STUDENT’S BOOK Description
Story, Content, and Functions
The essential feature in our textbook is the storyline that unifies the learning experience. All contents are woven into the story. It makes learning Chinese interesting and effective.
Unit 1 - Looking at China from the Moon Palace
This unit starts Mark’s adventure. He mysteriously travels to the Moon Palace and meets Cháng'é, Wú Gāng and Little Rabbit. They tell Mark about China, the Chinese language and characters. Some of the topics discussed are: China’s population, area size, geography, ethnic groups, languages and dialects, important cities, monuments and rivers.
• General introduction of China, the Chinese language and characters.
Unit 2 - Learning Pīnyīn at the Moon Palace
Mark and his friends are still at the Moon Palace, where his friends teach him pīnyīn.
• The concept of pīnyīn
• The pronunciation of initials, finals, and tones
• Some common greeting and classroom phrases.
Unit 3 - Studying Pīnyīn at the Peach Blossom Village
After studying pīnyīn, Cháng'é takes Mark to the Peach Blossom Village to meet Cāng Jié, the expert at Chinese characters. Cāng Jié tells Mark how he created the first character and teaches him the four ways that characters are formed. He instructs him on how to write strokes and the importance of stroke order. He also teaches him 52 basic characters. This unit lays the foundation for learning future characters and dialogues
• 52 basic characters
• The 4 formations of characters
• Strokes and stroke order
• Numbers 1- 99.
Unit 4 - At the Confucius Temple
Before Mark can start speaking Chinese, Cháng'é suggests that they visit Confucius, the famous Chinese philosopher and teacher. Confucius will provide the inspiration and moral training needed for Mark to pursue his desire to learn Chinese. They visit Confucius at the Confucius Temple. Here your students will learn that respect for education is an important concept in Chinese society.
• Expressing greetings and introductions
• Expressing gratitude and saying farewell
• Inquiring about people’s occupations and possessions
• Forming negative sentences
• Forming interrogatives
• Stating similarity
• Using measure words.
Unit 5 - In Běijīng
This unit takes place in Bejing, the capital of China. Mark will visit Tiān’ānmén Square, the Great Wall and other interesting places. He will also learn about the different cuisines of China and some of its typical dishes.
• Identifying objects (demonstrative adjectives)
• Describing people and places
• Telling time
• Making plans
• Ordering food.
Unit 6 - In Xī’ān
Cháng'é takes Mark to Xī’ān, the Eight Wonder of the World. Mark learns about Qínshĭhuáng and the history of the Terracotta Army. Although it dates back to 200 B.C., he hears how it was recently discovered in the 20th century.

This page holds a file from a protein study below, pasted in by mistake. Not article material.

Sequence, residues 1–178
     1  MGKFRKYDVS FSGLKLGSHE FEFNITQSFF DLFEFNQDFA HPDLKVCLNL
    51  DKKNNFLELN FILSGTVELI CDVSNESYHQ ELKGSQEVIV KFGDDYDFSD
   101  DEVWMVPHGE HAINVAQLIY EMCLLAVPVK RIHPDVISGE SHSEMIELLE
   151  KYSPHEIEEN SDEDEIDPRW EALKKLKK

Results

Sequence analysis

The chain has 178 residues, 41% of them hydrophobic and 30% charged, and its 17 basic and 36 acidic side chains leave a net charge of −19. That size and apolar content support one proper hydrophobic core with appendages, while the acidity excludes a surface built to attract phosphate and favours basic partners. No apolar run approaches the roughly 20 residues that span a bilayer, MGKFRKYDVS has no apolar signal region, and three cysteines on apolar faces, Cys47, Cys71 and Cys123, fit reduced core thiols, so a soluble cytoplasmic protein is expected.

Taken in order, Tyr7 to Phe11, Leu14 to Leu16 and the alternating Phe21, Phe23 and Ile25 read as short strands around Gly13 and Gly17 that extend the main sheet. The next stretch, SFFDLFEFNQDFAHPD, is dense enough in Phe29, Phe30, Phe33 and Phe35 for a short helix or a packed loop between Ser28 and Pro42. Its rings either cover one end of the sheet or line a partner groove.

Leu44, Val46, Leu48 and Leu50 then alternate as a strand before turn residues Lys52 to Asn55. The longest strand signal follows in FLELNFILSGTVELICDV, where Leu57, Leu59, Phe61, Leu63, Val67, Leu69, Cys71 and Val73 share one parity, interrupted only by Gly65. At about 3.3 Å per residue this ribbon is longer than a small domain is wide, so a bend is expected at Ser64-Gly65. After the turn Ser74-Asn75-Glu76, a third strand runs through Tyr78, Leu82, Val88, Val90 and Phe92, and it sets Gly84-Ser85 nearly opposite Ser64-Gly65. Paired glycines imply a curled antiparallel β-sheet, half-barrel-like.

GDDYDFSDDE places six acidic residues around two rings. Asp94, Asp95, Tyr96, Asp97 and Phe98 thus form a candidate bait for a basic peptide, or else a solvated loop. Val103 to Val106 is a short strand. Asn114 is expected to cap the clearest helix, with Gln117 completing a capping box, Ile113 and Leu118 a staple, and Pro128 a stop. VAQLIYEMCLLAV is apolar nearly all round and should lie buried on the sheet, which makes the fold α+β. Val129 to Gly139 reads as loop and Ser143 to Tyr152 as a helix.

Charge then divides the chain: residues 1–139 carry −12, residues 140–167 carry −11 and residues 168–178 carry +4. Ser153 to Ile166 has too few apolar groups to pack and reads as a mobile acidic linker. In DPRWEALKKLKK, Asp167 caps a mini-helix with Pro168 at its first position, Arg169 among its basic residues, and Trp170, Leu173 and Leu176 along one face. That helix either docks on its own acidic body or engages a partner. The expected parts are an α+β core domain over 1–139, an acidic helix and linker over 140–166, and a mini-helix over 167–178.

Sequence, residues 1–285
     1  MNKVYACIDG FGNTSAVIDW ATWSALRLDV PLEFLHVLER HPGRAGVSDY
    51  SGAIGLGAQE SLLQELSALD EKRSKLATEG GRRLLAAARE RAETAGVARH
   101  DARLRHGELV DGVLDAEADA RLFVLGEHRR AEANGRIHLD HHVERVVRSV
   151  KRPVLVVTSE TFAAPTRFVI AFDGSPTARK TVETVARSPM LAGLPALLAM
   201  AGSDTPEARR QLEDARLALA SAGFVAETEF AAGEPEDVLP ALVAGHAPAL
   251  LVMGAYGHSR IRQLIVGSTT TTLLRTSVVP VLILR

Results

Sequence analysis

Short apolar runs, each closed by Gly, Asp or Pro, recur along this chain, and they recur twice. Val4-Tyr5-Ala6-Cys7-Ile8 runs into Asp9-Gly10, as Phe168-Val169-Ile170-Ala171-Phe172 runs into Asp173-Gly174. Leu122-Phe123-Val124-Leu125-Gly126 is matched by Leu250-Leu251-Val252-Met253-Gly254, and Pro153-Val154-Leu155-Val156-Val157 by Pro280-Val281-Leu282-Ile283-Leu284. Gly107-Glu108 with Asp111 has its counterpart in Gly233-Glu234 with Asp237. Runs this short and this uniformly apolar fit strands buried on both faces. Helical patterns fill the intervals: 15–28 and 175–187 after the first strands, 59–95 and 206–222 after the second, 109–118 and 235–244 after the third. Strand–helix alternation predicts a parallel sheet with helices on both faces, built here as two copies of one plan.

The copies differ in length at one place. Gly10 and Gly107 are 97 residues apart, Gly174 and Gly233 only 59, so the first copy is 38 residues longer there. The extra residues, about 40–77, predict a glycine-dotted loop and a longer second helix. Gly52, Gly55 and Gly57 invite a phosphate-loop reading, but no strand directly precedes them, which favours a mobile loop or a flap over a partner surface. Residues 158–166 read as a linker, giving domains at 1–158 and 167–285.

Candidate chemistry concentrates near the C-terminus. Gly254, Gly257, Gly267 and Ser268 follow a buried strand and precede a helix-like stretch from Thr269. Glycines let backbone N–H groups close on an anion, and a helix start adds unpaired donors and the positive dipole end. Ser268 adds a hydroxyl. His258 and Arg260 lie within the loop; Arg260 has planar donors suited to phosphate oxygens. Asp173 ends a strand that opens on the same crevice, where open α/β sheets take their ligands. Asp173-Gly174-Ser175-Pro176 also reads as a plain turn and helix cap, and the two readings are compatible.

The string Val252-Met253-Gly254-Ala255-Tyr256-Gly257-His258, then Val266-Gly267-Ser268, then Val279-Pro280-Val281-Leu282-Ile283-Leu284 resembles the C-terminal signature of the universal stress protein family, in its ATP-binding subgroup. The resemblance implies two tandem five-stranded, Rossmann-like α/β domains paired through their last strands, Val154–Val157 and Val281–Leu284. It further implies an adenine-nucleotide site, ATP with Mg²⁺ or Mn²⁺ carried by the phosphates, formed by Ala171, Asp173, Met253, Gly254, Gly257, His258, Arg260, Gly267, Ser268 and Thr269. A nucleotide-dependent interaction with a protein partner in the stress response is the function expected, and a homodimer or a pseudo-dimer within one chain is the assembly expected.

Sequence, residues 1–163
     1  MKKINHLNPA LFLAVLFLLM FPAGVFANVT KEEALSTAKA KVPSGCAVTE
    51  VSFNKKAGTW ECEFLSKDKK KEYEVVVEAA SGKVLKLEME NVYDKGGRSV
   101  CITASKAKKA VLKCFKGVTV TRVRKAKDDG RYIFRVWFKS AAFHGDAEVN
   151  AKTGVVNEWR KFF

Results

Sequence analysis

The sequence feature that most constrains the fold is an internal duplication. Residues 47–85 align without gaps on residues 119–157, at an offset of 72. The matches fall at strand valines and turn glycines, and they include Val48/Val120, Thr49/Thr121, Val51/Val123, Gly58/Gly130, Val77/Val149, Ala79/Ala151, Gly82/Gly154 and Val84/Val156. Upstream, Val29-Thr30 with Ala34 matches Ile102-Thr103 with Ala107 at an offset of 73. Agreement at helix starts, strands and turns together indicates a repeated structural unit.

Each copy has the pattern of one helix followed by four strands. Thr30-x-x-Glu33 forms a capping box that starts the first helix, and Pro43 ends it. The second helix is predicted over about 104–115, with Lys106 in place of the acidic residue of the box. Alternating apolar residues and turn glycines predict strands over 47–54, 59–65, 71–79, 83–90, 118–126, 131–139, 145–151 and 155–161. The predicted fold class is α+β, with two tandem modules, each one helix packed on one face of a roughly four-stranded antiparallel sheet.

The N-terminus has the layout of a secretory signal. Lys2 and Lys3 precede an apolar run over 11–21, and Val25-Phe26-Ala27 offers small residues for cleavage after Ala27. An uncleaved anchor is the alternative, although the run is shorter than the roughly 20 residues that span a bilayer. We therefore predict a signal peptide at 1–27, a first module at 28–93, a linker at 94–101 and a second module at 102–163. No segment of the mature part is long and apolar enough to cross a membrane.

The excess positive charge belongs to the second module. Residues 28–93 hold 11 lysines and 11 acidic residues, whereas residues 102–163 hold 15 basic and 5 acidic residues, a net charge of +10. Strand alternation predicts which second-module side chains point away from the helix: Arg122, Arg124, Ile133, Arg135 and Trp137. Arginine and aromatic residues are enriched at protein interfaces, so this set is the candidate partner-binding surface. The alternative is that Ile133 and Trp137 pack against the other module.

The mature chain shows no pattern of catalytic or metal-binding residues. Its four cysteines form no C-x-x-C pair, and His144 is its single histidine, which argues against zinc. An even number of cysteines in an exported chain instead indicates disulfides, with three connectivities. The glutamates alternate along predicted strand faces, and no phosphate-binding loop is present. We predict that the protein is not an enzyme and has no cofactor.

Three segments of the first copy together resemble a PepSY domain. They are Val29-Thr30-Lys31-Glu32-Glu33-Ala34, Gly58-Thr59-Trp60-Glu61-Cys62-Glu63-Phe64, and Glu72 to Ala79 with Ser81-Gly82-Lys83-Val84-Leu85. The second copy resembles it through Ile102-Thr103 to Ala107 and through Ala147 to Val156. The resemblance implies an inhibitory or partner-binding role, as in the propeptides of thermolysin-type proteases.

• Asking where people live
• Addressing people
• Asking about nationality
• Identifying people and objects
• Establishing possession
• Expressing past, future and present.
Unit 7- On Changjiang River
Mark and his friends are taking a scenic tour down the Changjiang River. They marvel at the natural beauty of the scenery that comes into view.
• Expressing measurements (length, height and distance)
• Expressing dates
• Discussing age
• Extending invitations
• Asking about one’s ability to speak a language.
Unit 8 - In Shànghăi
Mark invites Cháng'é, Wú Gāng and Little Rabbit to meet his web-pal in Shànghăi. In Shànghăi Mark is awed by its tall buildings, beautiful setting and bustling life. Also in this unit there is an interesting discussion about sports and the martial arts.
• Asking about transportation
• Asking for opinions
• Giving and receiving compliments
• Inquiring about family and pets
• Expressing likes and dislikes.
Unit 9 - In Hong Kong
Mark ends his travels in Hong Kong. He learns that it is a shopper’s paradise and spends his last few days in China buying ouvenirs for his family and friends. The units of Chinese currency are explained.
• Making plans for future dates
• Asking about price and learning how to bargain
• Making suggestions
• Making telephone calls.
Unit 10 - Back Home
Back in the United States Mark shares his adventures and travels with his American friends. Although this unit reviews the previous lessons, it is treated as a continuation of the storyline in order to maintain the interest of the students.